At a time when people are suggesting that bloggers will replace journalists and that it is possible to tell a story in 140 characters, Hella Nation, a collection of pieces spanning the career of award-winning journalist Evan Wright, offers a persuasive counter-argument. Through crystalline honesty, Wright’s work forces us to butt heads with a reality we would often rather ignore. His subjects are America’s amoral, desperate, unconventional, and perverse. They are neo-Nazis, porn stars, con artists, and downright criminals. The common thread they share is that neither they, nor Wright, believe they have done anything wrong.
Wright’s gift is his ability to trace a story through time and weave together a piece that is chilling in both subtlety and revelation. His analysis of America’s darkest characters is both impervious to judgment or influence of stigma, and hyper-observant. He permits every character, including his own, to develop with a natural exactitude. Wright knows exactly how much to say and when to say it.
He tightly packages and delivers each detail without pomp or circumstance. Wright presents himself as a humble messenger, bearing facts. But it is impossible to mask how fine his skills as investigator are. Nothing escapes him, and or if it does, he weaves such flawless tales that we do not notice.
The stories are timeless; like urban legends, they endure on the basis of their perversity alone. In “Heil Hitler America!” about neo-Nazis members of the “Aryan Nation”, his stark objectivism is downright chilling. His minimalist writing style mirrors the myopic vision of the groups’ members, helping to shape the landscape of their singular community.
The two weakest pieces are the ones that were more obvious choices for conventional media attention. When he is sole investigator, he truly shines. In “The Bad American”, about the murder of a Russian immigrant and “Mad Dogs and Lawyers”, covering the case of a San Francisco couple and their killers dogs, the actual police work detracts from Wright’s natural flare. His eye is unique, and the best stories he tells are the ones that only he sees, such as “Wingut’s Last Day on Earth”, written while trailing a Seattle anarchist during the World Trade Organization conference there. Wright seems to be the only one interested in the anarchist, and he gets a one-of-kind story in his dual role as friend and reporter.
The only story that loses something in being so personal is “Portrait of Con Artist”, in which Wright tells the story of Seth Warshavsky, who was American’s leading Internet porn mogul, until he turned out to be a total fraud. Warshavsky, as described by Wright, is a loathsome, outrageous, unscrupulous, nearly psychotic character. There’s no reason to be believe that he is not all of these things, but he is also Wright’s former employer, and this piece is the only one in which objectivism is lost. He seems to neglect details that he might have emphasized in another piece, such as Warshavsky’s troubled adolescence.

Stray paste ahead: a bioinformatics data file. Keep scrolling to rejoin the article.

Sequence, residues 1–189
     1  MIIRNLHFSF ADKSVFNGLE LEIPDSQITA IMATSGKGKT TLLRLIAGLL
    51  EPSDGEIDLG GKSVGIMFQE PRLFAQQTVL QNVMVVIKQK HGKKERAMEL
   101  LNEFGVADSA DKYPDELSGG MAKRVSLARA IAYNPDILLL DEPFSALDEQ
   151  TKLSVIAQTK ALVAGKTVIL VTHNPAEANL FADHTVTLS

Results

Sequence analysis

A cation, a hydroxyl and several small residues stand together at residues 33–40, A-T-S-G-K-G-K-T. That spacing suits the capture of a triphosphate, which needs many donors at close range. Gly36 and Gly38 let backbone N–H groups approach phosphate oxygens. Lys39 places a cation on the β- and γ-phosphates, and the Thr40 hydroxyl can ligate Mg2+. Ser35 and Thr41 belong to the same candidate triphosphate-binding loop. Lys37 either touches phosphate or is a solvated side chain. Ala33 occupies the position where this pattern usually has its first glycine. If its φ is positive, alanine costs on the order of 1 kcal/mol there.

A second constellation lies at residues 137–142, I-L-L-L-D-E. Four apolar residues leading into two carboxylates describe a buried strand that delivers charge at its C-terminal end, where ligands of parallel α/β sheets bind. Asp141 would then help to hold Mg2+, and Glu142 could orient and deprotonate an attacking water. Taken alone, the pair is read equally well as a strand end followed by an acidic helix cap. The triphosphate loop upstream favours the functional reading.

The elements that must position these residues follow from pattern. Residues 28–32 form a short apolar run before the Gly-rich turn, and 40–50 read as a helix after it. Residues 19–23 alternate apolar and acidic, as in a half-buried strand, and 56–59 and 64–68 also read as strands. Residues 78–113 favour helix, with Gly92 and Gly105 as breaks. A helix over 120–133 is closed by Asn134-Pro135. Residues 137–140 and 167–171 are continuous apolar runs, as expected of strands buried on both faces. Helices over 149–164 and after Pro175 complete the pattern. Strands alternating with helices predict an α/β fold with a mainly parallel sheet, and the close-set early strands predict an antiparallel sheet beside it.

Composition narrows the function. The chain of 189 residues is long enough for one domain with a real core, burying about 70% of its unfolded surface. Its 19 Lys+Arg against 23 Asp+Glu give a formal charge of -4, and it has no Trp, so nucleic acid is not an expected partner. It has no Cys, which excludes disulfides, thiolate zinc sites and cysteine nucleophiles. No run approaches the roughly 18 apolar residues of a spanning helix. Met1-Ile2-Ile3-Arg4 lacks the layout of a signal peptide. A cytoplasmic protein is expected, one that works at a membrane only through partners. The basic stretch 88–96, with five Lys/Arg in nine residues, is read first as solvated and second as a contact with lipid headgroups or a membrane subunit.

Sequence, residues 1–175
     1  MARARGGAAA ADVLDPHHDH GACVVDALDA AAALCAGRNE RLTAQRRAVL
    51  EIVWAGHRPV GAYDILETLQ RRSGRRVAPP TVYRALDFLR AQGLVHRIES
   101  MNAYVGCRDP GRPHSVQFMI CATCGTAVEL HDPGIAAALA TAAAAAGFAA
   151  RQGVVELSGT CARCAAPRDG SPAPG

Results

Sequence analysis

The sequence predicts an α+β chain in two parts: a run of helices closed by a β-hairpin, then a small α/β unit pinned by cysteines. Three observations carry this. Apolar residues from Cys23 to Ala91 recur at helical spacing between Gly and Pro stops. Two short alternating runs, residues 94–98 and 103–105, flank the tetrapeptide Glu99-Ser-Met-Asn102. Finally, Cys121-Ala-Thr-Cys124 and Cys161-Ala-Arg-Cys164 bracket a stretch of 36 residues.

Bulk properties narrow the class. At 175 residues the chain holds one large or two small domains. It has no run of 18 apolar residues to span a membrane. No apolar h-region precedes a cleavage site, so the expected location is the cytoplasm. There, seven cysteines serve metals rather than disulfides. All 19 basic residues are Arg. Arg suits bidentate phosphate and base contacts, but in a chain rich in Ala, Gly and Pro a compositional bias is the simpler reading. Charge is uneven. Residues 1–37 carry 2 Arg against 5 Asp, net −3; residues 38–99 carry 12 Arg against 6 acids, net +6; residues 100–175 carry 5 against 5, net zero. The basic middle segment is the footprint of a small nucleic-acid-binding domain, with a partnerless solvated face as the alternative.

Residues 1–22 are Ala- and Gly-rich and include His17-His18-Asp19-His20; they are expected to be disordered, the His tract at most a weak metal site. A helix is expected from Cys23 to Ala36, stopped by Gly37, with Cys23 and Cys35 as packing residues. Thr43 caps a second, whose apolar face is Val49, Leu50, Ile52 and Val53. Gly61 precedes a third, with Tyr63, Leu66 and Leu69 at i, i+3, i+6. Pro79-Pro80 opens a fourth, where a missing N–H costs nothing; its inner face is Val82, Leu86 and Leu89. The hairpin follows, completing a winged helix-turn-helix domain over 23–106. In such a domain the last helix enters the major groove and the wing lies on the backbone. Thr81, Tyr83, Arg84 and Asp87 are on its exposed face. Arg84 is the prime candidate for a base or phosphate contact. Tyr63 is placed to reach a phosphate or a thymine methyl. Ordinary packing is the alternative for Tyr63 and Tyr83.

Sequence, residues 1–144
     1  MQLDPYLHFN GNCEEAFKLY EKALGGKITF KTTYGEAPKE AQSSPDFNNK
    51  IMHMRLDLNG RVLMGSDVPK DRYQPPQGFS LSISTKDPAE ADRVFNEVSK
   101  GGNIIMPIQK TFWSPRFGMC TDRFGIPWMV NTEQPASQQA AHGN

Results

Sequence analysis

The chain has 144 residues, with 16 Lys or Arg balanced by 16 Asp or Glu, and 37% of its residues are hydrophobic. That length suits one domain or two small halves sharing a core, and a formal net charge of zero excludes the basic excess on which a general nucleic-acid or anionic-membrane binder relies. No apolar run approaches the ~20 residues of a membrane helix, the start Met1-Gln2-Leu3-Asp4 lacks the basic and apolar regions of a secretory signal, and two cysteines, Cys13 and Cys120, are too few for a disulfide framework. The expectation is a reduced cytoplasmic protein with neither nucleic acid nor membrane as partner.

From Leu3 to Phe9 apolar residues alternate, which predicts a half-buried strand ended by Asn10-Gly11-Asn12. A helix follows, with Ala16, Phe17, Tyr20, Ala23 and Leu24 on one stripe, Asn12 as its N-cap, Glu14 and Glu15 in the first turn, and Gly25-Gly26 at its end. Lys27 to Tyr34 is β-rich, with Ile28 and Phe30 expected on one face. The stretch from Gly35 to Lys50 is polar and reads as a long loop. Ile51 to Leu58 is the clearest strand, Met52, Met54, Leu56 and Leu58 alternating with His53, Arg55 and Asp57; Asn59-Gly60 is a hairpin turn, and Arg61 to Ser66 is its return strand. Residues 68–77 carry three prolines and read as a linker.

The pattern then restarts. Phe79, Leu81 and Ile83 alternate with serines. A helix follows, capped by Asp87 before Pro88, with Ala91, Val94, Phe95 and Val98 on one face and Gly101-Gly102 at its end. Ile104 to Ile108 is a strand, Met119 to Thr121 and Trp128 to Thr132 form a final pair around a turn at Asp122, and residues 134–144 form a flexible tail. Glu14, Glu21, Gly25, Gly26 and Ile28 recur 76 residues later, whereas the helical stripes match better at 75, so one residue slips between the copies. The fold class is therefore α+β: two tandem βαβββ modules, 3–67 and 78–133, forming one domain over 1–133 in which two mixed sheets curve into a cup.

“Pat Dollard’s War on Hollywood”, the wisely selected final piece is where he has truly hit his stride. In the last essay, Wright has finessed his ability to be both in and outside a story, exemplifying the flawless in investigative journalism. He weaves together pieces from history and moments where he engaged in conversation with Dollard about what he will write. Somehow, even these oddly revealing, potentially awkward moments serve to fortify the piece.
The piece on Motley Crue, “Forever Fourteen” is as charmingly funny as “Heil Hitler American” is disturbing. Though not a fiction writer, he has the ability to lead his characters into genre and illicit basic emotions in the reader. The collection is thoughtfully assembled and enables an unassuming but distinctive plot arc to take shape. Although each piece is entirely focused on its characters, when compiled they form something resembling a memoir.
He is unafraid to shine the light of scrutiny back on himself. He applies the same journalistic lack of judgment, to his own story that he does with the others. He writes about his career in the porn industry calmly expressing his strange interests, loves, lusts, fetishes, revulsion and revelry. In the “Dance With A Stranger”, he patronizes dance halls in order to write about them. He casually falls for one of the women, but it is “Scenes from My Life in Porn”, the second to last essay, that truly unearths Wright’s own secrets, and fluctuating sense of self.
He writes “deception and lies are the essence of pornography”. Either he is the best liar in town, or he has broken out of the shackles of deceit, manipulation, vulgarity, and sheer spin he experienced. By the final page, he seems to have acquired a prophet’s ability to elucidate the truth.
"Is AntiBookClub's call to Penguin Random House to drop The Art of the Deal from their catalog an effective form of resistance?READ the article